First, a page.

Maternity money: what to do to make UIF work in your favour
Having a baby will have a huge impact on your budget, beginning with your income during maternity leave. Here we offer advice for managing the UIF preparation, application and collection during the time that all you really want to do is care for your precious new arrival. Lucia Walker gives us some advice.
You can never be too prepared when expecting a baby – you can never have enough nappies, toiletries, clothing… or money. If you are in the habit of saving, then as soon as you discover there is a little one on the way, start increasing your monthly savings. If you’re not in the habit of saving, then start that habit now! One of the biggest concerns for expecting parents is the financial impact that a new person will bring to the budget. Although the Department of Labour provides an Unemployment Insurance Fund (UIF), it should not be the only form of income during maternity leave.
What is the Unemployment Insurance Fund?
For a large percentage of the South African population the UIF is a source of income when you become unemployed or unable to work because of maternity, adoption leave, or illness. It also provides relief to the dependants of a deceased contributor.
Each month, employees pay a certain percentage of their salary towards their UIF to be able to draw from the fund if the need arises. It is quite common for pregnant women to start the paperwork to claim from the UIF when they are close to their due date. You often find them in the long queues at the Department of Labour in an effort to make their months away from work and with baby less financially stressful.
To avoid the queues, expectant mothers can register for uFiling, which is a free online service offered by the UIF. The benefits include the ease of secure and faster payments. According to the department, uFiling allows for instant and reliable declaration submissions.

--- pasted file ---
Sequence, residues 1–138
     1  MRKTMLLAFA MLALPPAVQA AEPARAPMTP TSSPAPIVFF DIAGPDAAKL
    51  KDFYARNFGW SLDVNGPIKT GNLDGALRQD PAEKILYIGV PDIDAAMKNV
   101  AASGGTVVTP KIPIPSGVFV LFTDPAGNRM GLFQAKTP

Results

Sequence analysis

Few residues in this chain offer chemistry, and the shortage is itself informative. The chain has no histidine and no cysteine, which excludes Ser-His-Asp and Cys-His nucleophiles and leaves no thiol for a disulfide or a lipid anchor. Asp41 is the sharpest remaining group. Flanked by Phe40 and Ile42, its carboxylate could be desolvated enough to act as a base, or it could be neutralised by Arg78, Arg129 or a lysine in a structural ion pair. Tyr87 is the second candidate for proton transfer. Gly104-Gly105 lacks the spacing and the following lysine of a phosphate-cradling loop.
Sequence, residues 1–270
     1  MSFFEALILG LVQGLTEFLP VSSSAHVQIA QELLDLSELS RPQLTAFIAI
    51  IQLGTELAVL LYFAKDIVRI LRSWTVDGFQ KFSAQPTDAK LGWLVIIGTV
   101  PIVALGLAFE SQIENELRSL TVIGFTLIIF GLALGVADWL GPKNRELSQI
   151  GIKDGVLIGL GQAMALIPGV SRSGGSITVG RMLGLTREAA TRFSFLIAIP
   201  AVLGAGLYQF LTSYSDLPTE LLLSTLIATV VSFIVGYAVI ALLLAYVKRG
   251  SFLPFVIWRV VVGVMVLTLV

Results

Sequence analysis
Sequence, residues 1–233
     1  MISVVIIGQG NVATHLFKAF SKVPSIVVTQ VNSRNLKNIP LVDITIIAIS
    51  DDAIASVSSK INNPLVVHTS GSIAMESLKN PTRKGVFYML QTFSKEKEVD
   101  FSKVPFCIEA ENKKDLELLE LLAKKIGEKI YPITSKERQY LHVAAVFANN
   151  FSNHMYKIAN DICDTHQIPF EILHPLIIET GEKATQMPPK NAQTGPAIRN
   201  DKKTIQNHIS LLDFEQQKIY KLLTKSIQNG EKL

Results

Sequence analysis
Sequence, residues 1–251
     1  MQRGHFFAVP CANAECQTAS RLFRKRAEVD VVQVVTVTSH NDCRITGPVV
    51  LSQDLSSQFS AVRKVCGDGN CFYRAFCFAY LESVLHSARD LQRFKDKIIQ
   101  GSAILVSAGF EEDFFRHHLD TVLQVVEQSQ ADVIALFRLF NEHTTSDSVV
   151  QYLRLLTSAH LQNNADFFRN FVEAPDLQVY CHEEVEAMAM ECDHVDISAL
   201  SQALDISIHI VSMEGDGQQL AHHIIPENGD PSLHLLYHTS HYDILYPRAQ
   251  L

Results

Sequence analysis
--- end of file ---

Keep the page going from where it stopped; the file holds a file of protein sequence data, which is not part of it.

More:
A lucky few will reap the benefit of receiving the monthly payout from the first month of maternity leave, while some will have to wait quite a bit longer.
How to best prepare for maternity leave
Equip yourself with the best possible knowledge of how your employers can assist during your maternity leave. Some companies offer a full salary during maternity leave, with the employee being contractually obligated to stay with the company for a certain period after the leave. Other companies offer a negotiated amount of your monthly salary over the maternity leave period, with the balance of your salary possibly being paid from your UIF.
Research the different options available to you and take into account your monthly budget and how much your new baby will affect your spending. Furthermore, work according to a timeline as to how long you have to collect, complete and submit all the paperwork to claim from the UIF during your maternity leave. It is best to prepare these documents during your second trimester rather than try to get all the paperwork when you are in your third trimester.
Where can I find help?
There are agencies across the country that offer to do the UIF admission process on your behalf at a fee. If you find claiming from the UIF is distracting you from what you should be focussing on during your pregnancy (like your baby’s health), then these agencies can come in handy.
Although they offer tremendous stress relief, expectant mothers are advised to familiarise themselves with the process and to ask as many questions as possible. Furthermore, it is in your best interest to know your uFiling details and to do checks with the Department of Labour directly instead of depending on the agency to do it for you. This eliminates a lot of unnecessary stress and anxiety.
How to make this work
In addition to researching different maternity benefit options available to you and familiarising yourself with the UIF process on the Department of Labour’s website (https://www.ufiling.co.za/), strive to work according to a realistic budget by finding out how much you are legible to receive in monthly payouts.
Collect all the UIF forms from their website and get all the respective people – often current and past employers as well as your doctor – to complete their necessary sections. Although you can never be too prepared, you can start early to financially prepare for the time you’ll spend at home. Be confident in your plan and how the next few months on maternity leave will pan out.